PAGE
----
The lack of affordable housing across the country has gained increasing attention in recent months. A report released earlier this year by the personal finance website SmartAsset found that in 12 of the top 15 US cities, rents had increased from 2015 to 2016. In some places, rent prices skyrocketed; San Francisco, Seattle and Miami all had increases of over 7 percent. In Los Angeles, average rental rates went up 17 percent.
Activists and renters nationwide are agitating around these issues on Thursday, September 22, to draw attention to what they are calling a “National Renter State of Emergency.” Over 50 protests, marches and other activities are occurring in more than 45 cities for the “Renters Day of Action,” with tenants coming together to put forward a list of national and local demands.
Organized by the housing coalition Homes for All, the national campaign is seeking a broad list of changes, including a national rent freeze, a freeze on all unjust evictions, and community control over land and housing. The campaign’s demands also include the right of tenants to organize and bargain collectively without fear of discrimination, retaliation or eviction.
For some local actions, evictions are the main focus. Antonio Gutierrez, an organizer with the Chicago’s Autonomous Tenants Union, said his group planned their protest at Daley Plaza, where all the city’s eviction cases are heard. In 2012, Chicago had more than 32,000 evictions in the city. (This statistic is from four years ago because it can be hard to track eviction numbers; the federal government has not recorded these numbers in past years and court records are incomplete and hard to navigate). “The process itself is very rapid and it’s always siding with the landlord or the landlady,” Gutierrez said. Tenants have very little opportunity to advocate for themselves. Housing advocates have also noted that cases in eviction court are not being properly recorded, making it nearly impossible to make an appeal.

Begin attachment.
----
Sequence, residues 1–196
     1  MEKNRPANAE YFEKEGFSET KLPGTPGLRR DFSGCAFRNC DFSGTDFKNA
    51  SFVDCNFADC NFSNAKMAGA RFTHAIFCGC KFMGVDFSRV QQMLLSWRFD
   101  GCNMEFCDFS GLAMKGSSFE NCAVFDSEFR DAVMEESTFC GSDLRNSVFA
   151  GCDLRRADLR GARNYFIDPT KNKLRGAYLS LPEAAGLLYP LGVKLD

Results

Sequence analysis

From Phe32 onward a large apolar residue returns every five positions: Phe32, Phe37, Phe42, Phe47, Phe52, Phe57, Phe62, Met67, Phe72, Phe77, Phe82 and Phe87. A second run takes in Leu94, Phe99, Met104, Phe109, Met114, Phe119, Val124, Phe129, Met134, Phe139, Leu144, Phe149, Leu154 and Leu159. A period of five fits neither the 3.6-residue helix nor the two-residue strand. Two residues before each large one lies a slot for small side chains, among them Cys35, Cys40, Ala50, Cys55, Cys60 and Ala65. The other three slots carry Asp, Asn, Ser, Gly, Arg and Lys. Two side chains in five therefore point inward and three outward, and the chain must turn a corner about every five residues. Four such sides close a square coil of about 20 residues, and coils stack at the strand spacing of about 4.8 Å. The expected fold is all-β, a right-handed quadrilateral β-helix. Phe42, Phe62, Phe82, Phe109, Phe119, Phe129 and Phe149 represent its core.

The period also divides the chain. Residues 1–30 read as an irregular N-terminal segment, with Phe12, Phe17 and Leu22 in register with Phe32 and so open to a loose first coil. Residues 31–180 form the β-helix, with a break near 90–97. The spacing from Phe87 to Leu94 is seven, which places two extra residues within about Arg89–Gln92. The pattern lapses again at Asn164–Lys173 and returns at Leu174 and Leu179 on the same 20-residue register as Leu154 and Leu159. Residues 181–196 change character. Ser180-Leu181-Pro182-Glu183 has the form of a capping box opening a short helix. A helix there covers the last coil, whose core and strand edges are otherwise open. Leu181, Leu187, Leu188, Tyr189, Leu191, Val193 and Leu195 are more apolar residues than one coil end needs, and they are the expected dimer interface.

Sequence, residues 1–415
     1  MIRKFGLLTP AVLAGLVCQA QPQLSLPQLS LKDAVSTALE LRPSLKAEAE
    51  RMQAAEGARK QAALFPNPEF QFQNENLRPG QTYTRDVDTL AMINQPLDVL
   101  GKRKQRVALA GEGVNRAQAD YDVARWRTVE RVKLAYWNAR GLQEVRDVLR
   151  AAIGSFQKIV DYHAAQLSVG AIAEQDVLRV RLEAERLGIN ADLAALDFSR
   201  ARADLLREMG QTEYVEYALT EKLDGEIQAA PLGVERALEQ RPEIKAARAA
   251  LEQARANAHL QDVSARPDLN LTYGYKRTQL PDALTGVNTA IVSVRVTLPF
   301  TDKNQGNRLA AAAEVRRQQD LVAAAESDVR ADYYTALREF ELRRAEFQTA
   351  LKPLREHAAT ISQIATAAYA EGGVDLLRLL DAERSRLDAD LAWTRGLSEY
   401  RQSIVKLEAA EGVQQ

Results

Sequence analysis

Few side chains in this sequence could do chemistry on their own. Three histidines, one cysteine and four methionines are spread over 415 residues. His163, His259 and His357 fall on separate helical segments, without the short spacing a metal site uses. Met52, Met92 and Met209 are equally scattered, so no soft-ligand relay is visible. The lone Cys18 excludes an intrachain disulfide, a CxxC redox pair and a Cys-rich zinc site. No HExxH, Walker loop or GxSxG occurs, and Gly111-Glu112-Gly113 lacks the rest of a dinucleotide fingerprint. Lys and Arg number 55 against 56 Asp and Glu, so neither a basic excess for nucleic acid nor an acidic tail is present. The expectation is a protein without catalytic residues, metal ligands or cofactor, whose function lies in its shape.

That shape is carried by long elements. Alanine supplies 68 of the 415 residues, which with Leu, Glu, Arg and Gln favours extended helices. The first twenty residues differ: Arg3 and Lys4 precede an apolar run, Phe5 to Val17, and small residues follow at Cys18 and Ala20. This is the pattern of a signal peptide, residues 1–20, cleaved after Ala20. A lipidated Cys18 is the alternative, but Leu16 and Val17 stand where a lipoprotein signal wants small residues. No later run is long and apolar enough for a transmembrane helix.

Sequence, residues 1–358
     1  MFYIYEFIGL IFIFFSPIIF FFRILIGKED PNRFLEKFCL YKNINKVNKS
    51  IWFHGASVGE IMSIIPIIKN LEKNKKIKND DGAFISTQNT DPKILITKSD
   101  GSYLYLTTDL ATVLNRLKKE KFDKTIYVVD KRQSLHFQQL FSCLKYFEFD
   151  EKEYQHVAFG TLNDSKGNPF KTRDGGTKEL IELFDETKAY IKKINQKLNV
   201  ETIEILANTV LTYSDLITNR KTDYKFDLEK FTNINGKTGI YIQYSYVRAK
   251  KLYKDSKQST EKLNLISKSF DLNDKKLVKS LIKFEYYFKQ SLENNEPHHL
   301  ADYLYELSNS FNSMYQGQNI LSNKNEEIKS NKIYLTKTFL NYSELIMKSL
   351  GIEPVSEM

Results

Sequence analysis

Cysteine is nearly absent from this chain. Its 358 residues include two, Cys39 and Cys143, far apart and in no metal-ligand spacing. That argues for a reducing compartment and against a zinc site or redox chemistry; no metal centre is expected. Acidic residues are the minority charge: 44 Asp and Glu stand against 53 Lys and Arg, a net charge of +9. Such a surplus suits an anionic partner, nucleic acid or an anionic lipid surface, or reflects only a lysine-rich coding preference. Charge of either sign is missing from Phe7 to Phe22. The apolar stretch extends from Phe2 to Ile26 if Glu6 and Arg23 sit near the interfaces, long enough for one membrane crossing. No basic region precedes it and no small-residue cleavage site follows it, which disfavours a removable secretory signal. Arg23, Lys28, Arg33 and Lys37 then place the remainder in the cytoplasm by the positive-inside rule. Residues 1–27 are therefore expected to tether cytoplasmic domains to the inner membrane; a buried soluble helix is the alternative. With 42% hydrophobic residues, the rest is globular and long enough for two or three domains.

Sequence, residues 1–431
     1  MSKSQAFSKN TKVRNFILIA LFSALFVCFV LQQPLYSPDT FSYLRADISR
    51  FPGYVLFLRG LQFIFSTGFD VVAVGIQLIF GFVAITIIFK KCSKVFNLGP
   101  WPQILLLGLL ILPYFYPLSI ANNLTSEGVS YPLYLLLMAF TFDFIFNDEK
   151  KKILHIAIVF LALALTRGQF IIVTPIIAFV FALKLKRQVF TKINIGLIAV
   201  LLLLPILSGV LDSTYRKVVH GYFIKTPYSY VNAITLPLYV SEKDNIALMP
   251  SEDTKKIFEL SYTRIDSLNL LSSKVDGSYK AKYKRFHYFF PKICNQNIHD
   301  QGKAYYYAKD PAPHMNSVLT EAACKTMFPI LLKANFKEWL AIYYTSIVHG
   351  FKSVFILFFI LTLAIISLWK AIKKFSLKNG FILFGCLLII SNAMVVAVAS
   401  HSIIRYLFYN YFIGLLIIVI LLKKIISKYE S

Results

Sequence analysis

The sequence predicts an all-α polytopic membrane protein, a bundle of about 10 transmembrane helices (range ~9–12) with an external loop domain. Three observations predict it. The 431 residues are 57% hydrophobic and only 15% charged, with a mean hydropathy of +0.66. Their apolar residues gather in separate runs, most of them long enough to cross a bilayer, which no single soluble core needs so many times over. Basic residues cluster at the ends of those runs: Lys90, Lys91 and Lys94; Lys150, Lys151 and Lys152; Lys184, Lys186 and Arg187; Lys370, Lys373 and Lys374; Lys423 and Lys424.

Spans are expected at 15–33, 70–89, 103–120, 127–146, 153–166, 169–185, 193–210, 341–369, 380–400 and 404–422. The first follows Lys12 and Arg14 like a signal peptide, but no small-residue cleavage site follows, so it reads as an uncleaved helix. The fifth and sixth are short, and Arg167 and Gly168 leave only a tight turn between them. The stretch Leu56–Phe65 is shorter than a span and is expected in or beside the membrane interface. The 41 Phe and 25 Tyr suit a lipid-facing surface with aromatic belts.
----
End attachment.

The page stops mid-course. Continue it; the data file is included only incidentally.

Who Faces Eviction?
In Chicago, as with other cities, Gutierrez finds that women and their children are disproportionately affected by rising eviction rates. “We definitely see a pattern of single mothers and women with their kids being the target of these evictions,” he said. “We see a lot of kind of discriminatory policies that are happening, in terms of new companies coming into neighborhoods that are populated mostly by people of color, evicting them, and then getting new tenants that are of a different class, and sometimes racial background.”
Matthew Desmond, a sociologist whose recent book, Evicted: Poverty and Profit in the American City, helped bring national attention to the housing crisis, had similar findings. In a 2015 report, Desmond notes that low-income women, in particular Black women, are at high risk of eviction. In Milwaukee, one in five Black women reported being evicted at some point, compared to one in 15 white women, or one in 12 Latina women, according to Desmond’s research.
Eviction doesn’t just impact one’s housing, it destabilizes communities and families, often forcing kids to leave their schools. Desmond found that “workers who involuntarily lost their housing were roughly 20 percent more likely to subsequently lose their jobs.” The study also ties eviction to mental health problems and future difficulty with finding alternate housing and/or employment, as being evicted through the court system leaves a tenant with that judgment on their record.
Knowing Your Rights
Felicia Alston-Singleton, a tenant advocate in Newark, New Jersey, got involved with her work as an organizer after successfully fighting her own eviction with the city’s housing authority. Several years ago, she said the housing authority fixed a problem with backed-up sewage in her unit.
“They fixed it but then my walls started turning green,” she said. “So I stopped paying rent.” She went to court every month for seven months until finally a decision was made in her favor. They dismissed her case and gave her back her rent money.